All Boarding Kennels are different and so are all dogs and their owners. What will suit one owner and his dog will not suit another, so it is important to find out about all the Boarding Kennels within your area, both by visiting kennels, and talking to other dog owners about which kennels suits them and their dog.
Anyone who knows a variety of breeds will accept that different dogs have varying requirements, and the type of kennels that suits one dog may not suit another.
How Well Will My Dog Settle in Boarding Kennels?
The majority of well-reared and socialised dogs will have no difficulty in boarding happily; terriers are always looking for trouble and they find the kennels environment great fun; hounds are pack dogs, and however much of a house pet they are, they find kennels easy to handle. Gundogs are traditionally used to being with other dogs which makes makes Boarding Kennels a familiar situation; though the Hunt Point Retriever breeds can become stressed in a Boarding Kennel environment simply because they tend always to be on their toes and so much is happening around them that they may become over-stimulated.
Guarding breeds who have this characteristic encouraged at home don't stop guarding when in kennels, which can make it a very stressful experience for them. They will prefer to be in a situation where they do not feel obliged to defend their territory constantly; so a Boarding Kennels where they are not challenged by activity of both humans and other dogs will suit them better.
The majority of other breeds, as long as they have been brought up not to be excessively dependent on their owners, will board well. Those dogs who are insistent on spending every moment with their family will often not accept spending time in a Boarding Kennels happily, and show evidence of separation anxiety, in which case alternatives should be sought.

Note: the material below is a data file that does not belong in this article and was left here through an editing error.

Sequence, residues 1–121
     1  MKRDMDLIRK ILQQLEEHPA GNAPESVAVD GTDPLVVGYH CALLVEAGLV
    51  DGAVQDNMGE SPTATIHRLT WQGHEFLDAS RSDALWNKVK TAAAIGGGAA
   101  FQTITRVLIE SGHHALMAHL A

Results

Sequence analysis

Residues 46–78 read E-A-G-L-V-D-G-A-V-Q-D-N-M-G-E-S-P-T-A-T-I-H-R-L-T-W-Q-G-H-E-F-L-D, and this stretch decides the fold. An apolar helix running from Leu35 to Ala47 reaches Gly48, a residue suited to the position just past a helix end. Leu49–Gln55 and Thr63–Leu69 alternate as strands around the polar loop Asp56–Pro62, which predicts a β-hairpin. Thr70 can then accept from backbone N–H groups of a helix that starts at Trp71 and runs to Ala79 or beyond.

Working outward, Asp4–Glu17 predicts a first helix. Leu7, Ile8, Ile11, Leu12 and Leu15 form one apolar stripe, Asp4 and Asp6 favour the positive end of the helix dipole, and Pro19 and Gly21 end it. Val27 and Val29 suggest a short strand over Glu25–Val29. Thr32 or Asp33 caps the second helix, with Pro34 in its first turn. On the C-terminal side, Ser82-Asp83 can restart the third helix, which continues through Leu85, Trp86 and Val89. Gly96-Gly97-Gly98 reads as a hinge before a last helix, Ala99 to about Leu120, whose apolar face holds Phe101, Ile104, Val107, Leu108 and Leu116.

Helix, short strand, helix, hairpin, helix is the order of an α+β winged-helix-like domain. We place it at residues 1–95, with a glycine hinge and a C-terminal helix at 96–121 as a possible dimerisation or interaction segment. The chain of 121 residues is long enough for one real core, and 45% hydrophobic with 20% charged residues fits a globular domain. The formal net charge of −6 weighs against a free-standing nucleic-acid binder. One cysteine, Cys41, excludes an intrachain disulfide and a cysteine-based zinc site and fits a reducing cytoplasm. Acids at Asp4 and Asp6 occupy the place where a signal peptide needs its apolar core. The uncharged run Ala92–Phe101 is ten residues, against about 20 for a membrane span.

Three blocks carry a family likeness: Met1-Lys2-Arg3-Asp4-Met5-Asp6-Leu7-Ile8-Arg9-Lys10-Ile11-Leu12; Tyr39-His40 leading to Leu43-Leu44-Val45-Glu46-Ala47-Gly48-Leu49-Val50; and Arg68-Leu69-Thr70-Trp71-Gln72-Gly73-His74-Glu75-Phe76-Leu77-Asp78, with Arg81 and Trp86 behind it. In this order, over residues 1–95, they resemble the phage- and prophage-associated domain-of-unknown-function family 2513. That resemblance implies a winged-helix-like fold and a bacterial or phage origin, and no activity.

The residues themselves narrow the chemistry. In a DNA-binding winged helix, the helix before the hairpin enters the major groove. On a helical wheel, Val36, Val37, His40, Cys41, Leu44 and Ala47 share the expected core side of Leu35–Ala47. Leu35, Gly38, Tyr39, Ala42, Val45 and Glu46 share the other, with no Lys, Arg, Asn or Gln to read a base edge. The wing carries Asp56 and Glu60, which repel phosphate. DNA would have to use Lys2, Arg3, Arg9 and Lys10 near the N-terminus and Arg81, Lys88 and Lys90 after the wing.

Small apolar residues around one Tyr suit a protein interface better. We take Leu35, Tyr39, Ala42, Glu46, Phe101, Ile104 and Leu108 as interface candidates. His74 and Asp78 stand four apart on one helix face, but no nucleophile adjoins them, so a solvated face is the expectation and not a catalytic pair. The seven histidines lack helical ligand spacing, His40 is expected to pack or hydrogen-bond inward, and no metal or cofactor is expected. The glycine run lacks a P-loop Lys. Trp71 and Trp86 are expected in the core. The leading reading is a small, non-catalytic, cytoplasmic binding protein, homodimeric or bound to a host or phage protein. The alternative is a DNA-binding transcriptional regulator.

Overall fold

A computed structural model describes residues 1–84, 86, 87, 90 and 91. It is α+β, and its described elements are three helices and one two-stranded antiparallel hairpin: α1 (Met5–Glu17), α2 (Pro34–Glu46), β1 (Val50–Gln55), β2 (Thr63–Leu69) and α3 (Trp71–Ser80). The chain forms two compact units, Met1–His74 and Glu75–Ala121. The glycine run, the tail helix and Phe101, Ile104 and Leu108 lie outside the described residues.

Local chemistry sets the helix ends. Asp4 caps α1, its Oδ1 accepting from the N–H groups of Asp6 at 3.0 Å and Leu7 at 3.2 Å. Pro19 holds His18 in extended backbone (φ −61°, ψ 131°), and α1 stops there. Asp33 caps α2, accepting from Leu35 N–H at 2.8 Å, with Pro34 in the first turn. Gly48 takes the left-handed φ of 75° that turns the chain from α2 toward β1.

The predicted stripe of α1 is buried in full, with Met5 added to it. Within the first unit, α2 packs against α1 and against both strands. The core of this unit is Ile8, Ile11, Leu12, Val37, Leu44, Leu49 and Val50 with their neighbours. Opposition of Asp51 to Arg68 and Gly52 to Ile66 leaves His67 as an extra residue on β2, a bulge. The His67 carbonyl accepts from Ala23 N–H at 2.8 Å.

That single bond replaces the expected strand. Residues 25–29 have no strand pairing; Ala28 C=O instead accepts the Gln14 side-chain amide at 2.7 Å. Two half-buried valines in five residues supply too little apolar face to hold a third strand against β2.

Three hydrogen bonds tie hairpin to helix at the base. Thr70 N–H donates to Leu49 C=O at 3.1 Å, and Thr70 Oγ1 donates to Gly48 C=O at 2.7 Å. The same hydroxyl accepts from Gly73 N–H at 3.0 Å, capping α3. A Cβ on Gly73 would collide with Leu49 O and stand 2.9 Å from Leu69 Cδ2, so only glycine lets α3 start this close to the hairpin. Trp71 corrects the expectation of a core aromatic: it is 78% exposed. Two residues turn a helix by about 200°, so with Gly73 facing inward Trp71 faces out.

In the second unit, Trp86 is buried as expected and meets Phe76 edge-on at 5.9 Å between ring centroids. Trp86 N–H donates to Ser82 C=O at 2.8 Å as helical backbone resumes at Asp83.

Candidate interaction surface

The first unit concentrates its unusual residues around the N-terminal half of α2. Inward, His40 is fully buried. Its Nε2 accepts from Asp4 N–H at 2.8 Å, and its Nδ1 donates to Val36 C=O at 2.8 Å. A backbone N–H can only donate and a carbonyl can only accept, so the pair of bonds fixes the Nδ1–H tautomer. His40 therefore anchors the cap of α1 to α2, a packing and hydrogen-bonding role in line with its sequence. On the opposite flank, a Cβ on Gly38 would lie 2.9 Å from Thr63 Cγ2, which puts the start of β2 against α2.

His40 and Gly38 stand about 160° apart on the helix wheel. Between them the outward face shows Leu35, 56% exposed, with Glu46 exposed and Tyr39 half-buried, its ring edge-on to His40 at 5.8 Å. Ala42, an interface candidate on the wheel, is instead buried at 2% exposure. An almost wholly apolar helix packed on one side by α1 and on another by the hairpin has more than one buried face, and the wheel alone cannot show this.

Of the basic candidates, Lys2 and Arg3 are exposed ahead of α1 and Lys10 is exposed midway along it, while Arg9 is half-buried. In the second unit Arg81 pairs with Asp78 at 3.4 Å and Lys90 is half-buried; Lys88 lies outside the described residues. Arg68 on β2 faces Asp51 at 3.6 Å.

What Should I Expect from a Good Boarding Kennels?
All kennels should offer a common range of factors:-
They should look and smell clean
Bedding should be clean and comfortable
They should be dry and draught-free with a source of heating
All dogs should have access to an outside exercise area during daylight hours
The resident dogs should look cheerful and interested, with no sense that they feel threatened either by the situation or other dogs
Water should be available always
Whilst there will probably be an explosion of barking when you arrive, this should subside fairly soon
Vaccinations should be insisted on; whatever the current debate about vaccination this is the only way that you can be sure that your dog is protected in a strange environment
Food and feeding regimes should reflect what the dog is accustomed to at home
Owners should be encouraged to bring toys for their dogs; gundogs, especially, like to have something to carry around
Details of the owner, the dog's health and his vet should be taken, together with a contact number for the boarding period
The Boarding Kennel should be happy to administer any medication, but make sure you bring sufficient supplies, measures and instructions.
Hours of opening, prices and how the charges are applied should be quite clear. There is no excuse for finding that your boarding fee has been boosted by a range of extras.
It is reasonable to expect that your dogs are insured for the duration of their stay, but check on benefits and limitations and whether you are expected to pay extra for this.
Check how well the Boarding Kennels staff know their boarders and about dogs in general; ask some leading questions about dogs you can see - name, age, what is the breed like in general so you can get a picture of their competence and knowledge.
A Question of Trust
Ultimately, it is a question of personalities and trust; do you trust this person to be sufficiently knowledgable and caring to look after your dog? If so, then book a short trial stay to check how well your dog settles, and if all is well with luck you will have found the right place for your dog for years to come.